Being the subject of a portrait by Warhol is certainly a good way to cement oneself as a Pop art icon, but for Holly Solomon, a life as a muse simply wasn’t enough. Also the subject of paintings by Roy Lichtenstein, Christo, and Rauschenberg, in 1969, Solomon transformed her Greene Street loft into an exhibition and performance space, which laid the ground work for what would eventually become the Holly Solomon Gallery, which she formally launched in SoHo in 1975. Through the gallery, she introduced New York to Robert Kushner, Laurie Anderson, George Schneeman, William Wegman, and Nam June Paik. She nurtured the Pattern and Decoration movement, which was known for using humble, everyday materials to produce elaborate paintings and assemblages, largely in reaction to the austerities of Minimalism.
As bold as the movement she championed, Solomon was known for her quirky, vivacious personality. Kushner has recounted how, as a young artist, Solomon showed up outside the restaurant where he worked wearing a floor-length white mink coat, with her father-in-law’s car and driver in tow. She demanded he take a ride with her and soon, the two were digging around trash bins in SoHo in search of cast-off materials for his work.
After moving the gallery uptown, then back down again, she eventually operated a by-appointment-only gallery at the Chelsea Hotel, before passing away in 2002. If you’ve heard her name recently, it may be because Pavel Zoubok Gallery and Mixed Greens Gallery jointly showed “Hooray for HOLLYwood,” an exhibition of works by artists from the Holly Solomon Gallery, in February.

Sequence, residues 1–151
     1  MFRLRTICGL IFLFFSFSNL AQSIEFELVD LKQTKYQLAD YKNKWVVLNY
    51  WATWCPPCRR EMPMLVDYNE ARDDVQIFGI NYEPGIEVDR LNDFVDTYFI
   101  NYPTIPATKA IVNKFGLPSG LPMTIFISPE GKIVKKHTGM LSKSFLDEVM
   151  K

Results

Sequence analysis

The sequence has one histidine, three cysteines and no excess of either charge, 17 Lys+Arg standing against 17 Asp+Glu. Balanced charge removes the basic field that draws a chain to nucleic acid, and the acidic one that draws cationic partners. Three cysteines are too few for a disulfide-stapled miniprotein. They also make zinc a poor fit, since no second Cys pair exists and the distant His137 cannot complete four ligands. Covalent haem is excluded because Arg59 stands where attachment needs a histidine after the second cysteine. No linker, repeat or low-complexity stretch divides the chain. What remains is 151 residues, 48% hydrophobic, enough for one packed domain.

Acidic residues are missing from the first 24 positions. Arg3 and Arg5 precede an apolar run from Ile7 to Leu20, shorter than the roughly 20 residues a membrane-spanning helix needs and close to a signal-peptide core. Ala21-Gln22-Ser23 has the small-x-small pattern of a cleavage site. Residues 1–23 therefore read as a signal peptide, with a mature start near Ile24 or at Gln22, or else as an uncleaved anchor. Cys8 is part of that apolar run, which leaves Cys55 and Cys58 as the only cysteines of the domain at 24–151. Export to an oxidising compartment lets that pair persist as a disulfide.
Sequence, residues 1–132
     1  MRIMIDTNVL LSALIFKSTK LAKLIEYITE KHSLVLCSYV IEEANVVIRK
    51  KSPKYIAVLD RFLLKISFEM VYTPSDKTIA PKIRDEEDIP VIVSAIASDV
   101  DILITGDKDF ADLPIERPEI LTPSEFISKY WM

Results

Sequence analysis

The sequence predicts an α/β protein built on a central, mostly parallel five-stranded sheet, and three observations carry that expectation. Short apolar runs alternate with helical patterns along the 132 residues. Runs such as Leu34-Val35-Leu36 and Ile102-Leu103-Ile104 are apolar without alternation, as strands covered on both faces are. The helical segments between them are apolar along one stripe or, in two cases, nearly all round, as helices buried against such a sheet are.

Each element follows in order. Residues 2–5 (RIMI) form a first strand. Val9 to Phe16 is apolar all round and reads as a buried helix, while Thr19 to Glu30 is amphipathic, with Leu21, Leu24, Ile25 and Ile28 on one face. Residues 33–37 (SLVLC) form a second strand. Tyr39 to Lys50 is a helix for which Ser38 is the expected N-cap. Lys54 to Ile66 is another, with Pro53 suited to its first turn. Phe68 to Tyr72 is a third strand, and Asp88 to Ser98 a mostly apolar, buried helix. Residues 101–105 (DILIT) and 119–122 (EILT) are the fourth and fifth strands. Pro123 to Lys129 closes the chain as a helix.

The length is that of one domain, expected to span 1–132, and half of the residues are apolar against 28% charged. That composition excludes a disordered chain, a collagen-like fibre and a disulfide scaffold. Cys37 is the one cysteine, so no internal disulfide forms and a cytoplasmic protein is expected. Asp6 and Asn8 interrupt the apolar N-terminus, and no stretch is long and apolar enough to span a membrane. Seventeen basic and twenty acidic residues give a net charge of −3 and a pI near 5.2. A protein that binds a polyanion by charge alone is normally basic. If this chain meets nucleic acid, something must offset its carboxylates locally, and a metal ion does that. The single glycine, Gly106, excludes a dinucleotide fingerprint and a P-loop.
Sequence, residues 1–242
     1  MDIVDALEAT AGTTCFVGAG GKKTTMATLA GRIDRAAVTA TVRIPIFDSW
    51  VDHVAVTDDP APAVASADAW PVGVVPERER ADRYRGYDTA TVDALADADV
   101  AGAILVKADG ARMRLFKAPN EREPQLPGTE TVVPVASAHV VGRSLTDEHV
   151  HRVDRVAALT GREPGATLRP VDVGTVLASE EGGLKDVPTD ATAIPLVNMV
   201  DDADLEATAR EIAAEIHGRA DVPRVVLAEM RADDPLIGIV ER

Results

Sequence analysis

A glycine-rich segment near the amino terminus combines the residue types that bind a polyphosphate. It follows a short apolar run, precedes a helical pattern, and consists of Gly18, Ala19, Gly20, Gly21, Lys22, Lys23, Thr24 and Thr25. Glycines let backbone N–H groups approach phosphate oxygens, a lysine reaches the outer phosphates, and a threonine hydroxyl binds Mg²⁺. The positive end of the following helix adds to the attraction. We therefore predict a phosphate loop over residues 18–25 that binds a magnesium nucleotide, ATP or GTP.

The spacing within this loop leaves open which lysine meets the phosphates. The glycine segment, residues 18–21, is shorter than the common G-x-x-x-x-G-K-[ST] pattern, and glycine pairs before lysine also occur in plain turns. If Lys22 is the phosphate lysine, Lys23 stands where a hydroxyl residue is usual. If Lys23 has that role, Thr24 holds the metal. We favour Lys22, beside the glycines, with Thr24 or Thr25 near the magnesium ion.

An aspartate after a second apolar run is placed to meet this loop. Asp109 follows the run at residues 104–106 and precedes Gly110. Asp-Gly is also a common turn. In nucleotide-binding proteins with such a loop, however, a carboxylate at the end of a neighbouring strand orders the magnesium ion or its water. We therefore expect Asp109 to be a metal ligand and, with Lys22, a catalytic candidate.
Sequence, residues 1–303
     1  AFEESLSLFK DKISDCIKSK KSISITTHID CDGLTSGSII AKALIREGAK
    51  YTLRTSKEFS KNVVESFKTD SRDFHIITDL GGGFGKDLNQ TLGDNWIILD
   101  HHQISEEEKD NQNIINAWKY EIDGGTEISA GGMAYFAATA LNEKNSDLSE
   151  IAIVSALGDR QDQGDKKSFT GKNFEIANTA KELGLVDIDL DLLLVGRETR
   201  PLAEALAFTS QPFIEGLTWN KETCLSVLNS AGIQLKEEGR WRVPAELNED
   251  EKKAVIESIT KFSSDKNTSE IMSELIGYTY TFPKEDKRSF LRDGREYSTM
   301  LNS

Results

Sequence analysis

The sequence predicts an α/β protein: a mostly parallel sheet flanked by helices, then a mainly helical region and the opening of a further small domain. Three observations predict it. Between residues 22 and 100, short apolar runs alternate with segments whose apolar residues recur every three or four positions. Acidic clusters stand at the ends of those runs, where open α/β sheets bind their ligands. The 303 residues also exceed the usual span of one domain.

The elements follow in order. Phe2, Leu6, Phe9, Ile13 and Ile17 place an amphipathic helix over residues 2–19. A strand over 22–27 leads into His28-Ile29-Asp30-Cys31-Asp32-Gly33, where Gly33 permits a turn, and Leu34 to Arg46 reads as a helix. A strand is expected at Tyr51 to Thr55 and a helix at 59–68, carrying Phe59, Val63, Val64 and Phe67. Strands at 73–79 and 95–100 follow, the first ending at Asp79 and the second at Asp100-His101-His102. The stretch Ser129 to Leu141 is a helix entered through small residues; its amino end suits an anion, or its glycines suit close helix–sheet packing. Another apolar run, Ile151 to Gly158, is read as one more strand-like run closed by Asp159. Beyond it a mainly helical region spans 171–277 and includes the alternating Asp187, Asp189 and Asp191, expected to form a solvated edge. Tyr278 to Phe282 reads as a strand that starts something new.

Pat Hearn, described by Roberta Smith in her New York Times obituary as “a bohemian Holly Golighty”, opened her eponymous gallery in 1983. There she showed the work of Philip Taaffe, George Condo, and Jack Pierson (who worked as the front desk attendant at one point). She always stayed on the cutting edge of the New York art scene, and was known for moving her gallery to neighborhoods right before they became the next hot spot (or, perhaps it was simply her presence there that made them art world destinations). In 1995, hers was one of three galleries to open on then-deserted West 22nd Street, signaling a shift in the downtown art scene that would eventually bring hundreds of galleries to the area. Before that, she maintained a space in the East Village, then expanded to SoHo right before that became the gallery neighborhood du jour.
Her beauty and panache cemented her not only as a storied gallerist, but like Solomon, as something of a muse. She is the subject of several portraits by Mark Morrisroe and Warhol. Even her Chihuahua, Chi-Chi, played muse to Ross Bleckner, Julian Schnabel, and others for a show devoted to the canine gallery attendant at Galeria Massimo Audiello. Hearn was a painter and performance artist herself, but according to Smith, she “began to realize she was more interested in other artists’ work than her own.”
She also worked with dealers Matthew Marks and Paul Morris, in addition to her husband Colin de Land, to start the Armory Show, which was originally known as the Gramercy International Art Fair and held in the rooms of the Gramercy Hotel. Once it outgrew this location, it moved to the Armory and was renamed after the famous 1913 exhibition held in the same locale.
Sadly, Hearn died of liver cancer at 45, just three years before her husband passed away. As Gary Indiana put it, “nobody who knew them has ever gotten over it.”